Patent application title: Floor Tiles with Hybrid Interlocking System
Bruce Thrush (San Juan Capistrano, CA, US)
John Grimm (Santee, CA, US)
PARALLAX GROUP INTERNATIONAL, LLC
IPC8 Class: AE04B548FI
Class name: Static structures (e.g., buildings) wall, ceiling, floor, or roof designed for ventilation or drainage
Publication date: 2012-12-06
Patent application number: 20120304566
A floor tile system for protecting a substrate is described. The system
includes two tiles or mats that interlock with one another along numerous
axes to provide a tight, high-strength seam. Specifically, the tiles
include teeth that interlock with teeth of the other tile in a
side-by-side manner. The tiles also include male and female portions that
interlock when the tile edges overlap with one another.
1. A floor tile system, comprising: a first floor tile having first and
second teeth extending from a first edge, each of the teeth having a
female portion; and a second floor tile having first and second male
portions extending from a second edge, the first and second female
portions of the first tile sized and dimensioned to mate with the first
and second male portions of the second tile.
2. The floor tile system of claim 1, wherein the first tooth has a stem and a cap.
3. The floor tile system of claim 2, wherein the cap has a convex curve such that the stem and cap form a mushroom-shape.
4. The floor tile system of claim 2, wherein the female portions of the first and second teeth comprise upward facing cavities.
5. The floor tile system of claim 1, further comprising a first ledge underlying the female portions.
6. The floor tile system of claim 5, wherein the male portions are covered by a second ledge.
7. The floor tile system of claim 6, wherein the first and second ledges sandwich a mating of the first female portion with the first male portion.
8. The floor tile system of claim 1, further comprising a first ledge extending from the first edge on the first tile, and a second ledge extending from the second edge on the second tile.
9. The floor tile system of claim 8 wherein the first ledge has a first strip that interlocks with a second strip on the second ledge.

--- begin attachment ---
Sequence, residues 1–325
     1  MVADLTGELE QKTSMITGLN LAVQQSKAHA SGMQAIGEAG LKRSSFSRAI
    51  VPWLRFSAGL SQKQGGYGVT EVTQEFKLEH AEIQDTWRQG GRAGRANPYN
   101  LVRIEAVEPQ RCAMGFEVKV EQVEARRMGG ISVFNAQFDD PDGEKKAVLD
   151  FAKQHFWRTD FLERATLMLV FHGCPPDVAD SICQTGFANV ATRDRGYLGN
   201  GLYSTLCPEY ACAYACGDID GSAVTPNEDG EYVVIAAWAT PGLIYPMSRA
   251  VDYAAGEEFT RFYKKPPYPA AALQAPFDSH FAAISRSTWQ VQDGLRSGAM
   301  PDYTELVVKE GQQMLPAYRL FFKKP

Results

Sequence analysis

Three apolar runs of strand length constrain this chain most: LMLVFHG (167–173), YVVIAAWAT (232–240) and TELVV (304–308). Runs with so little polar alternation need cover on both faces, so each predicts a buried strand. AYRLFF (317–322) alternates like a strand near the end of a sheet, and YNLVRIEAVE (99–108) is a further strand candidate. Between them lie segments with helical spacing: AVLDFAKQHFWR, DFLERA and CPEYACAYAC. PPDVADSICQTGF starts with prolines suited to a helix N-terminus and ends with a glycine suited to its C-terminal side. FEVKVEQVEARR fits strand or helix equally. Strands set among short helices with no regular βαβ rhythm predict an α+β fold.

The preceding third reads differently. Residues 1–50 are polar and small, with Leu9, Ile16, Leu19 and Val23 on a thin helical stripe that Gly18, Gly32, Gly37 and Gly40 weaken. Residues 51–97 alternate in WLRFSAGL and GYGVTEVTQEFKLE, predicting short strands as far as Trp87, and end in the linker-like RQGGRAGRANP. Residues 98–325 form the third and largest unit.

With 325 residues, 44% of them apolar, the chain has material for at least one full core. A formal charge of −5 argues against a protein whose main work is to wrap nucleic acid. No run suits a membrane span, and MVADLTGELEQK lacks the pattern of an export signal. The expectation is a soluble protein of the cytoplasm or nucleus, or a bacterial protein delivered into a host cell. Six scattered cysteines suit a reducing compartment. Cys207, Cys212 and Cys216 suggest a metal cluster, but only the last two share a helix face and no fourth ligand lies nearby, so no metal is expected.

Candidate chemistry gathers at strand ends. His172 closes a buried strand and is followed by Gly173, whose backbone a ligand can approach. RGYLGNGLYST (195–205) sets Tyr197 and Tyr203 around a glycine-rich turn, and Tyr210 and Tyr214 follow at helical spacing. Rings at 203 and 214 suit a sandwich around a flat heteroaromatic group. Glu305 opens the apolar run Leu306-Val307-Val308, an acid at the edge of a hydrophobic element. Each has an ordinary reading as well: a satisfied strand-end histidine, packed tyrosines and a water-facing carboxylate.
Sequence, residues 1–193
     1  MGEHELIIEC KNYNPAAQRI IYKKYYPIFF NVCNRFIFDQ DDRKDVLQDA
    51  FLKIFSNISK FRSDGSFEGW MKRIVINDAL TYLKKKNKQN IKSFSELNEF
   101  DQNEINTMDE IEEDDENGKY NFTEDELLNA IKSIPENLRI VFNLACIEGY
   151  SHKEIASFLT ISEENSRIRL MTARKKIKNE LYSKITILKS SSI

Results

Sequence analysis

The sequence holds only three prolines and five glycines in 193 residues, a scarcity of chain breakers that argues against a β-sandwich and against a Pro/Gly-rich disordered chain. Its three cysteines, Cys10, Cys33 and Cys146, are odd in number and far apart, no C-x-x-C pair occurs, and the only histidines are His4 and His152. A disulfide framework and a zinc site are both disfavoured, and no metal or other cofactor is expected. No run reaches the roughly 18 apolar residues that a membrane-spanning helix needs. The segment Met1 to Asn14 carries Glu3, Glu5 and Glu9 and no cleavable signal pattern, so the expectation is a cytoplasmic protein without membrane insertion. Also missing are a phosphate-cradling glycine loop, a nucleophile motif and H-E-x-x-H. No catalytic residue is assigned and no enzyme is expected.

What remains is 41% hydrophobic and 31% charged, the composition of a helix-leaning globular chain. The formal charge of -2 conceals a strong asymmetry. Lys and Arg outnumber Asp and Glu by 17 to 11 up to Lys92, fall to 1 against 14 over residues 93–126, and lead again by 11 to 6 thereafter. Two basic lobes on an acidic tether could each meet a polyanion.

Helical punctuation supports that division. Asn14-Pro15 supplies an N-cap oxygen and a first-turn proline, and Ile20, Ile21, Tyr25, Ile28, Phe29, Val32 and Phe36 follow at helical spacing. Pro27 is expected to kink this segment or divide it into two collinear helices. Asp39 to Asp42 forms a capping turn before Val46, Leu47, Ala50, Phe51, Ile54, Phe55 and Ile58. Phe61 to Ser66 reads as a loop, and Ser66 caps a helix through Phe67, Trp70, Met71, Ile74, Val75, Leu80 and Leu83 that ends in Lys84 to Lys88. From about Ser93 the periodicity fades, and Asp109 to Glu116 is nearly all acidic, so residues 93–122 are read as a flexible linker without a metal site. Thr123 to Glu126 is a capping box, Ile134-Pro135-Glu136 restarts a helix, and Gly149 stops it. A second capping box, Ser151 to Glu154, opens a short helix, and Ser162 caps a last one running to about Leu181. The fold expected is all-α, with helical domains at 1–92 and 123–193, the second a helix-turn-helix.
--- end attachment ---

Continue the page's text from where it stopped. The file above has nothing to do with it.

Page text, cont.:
10. The floor tile system of claim 1, wherein the first floor tile further comprises a bottom surface having a grid with a plurality of raised portions configured to allow an air flow within at least a portion of the grid.
 This application claims the benefit of priority to application Ser.
No. 61/484089, filed on May 9, 2011. This and all other extrinsic
materials discussed herein are incorporated by reference in their
entirety. Where a definition or use of a term in an incorporated
reference is inconsistent or contrary to the definition of that term
provided herein, the definition of that term provided herein applies and
the definition of that term in the reference does not apply.
FIELD OF THE INVENTION
 The field of the invention is modular floor tiles.
 Interlocking modular tiles provide a quick and easily installable option to cover floors or other surface areas. The tiles provide a protective layer, while in some cases enhancing appearance. One problem that arises with interlocking modular tiles is the difficulty with which the tiles can be aligned during installation.
 For example, the floor tiles of U.S. Patent Application No. 2005/0183370 (pub. August 2005) to Cripps use interlocking channels instead of teeth to connect adjacent tiles. These channels lack necessary structure to properly align the tiles during installation, which can add to the time and cost of installation. In addition, the channels provide only a single interlock between connected tiles, which can prevent a tight interlock between tiles and lead to uneven or unsafe surfaces.
 To facilitate alignment of the tiles during installation, U.S. Patent Appl. No. 2003/0093964 (pub. May 2003) to Bushey, et al. describes a flooring assembly that has a plurality of projections that mate with a plurality of recesses on an adjacent tile. However, the Bushey tile fails to create sufficient interlock (both in terms of forming a tight seam and in terms of providing a lock that requires a large separation force) between the tiles to withstand heavy use. In addition, the Bushey tile lacks a track or other structure to help prevent water ingress, and is therefore susceptible to water seeping beneath the tiles, leading to mold or other problems.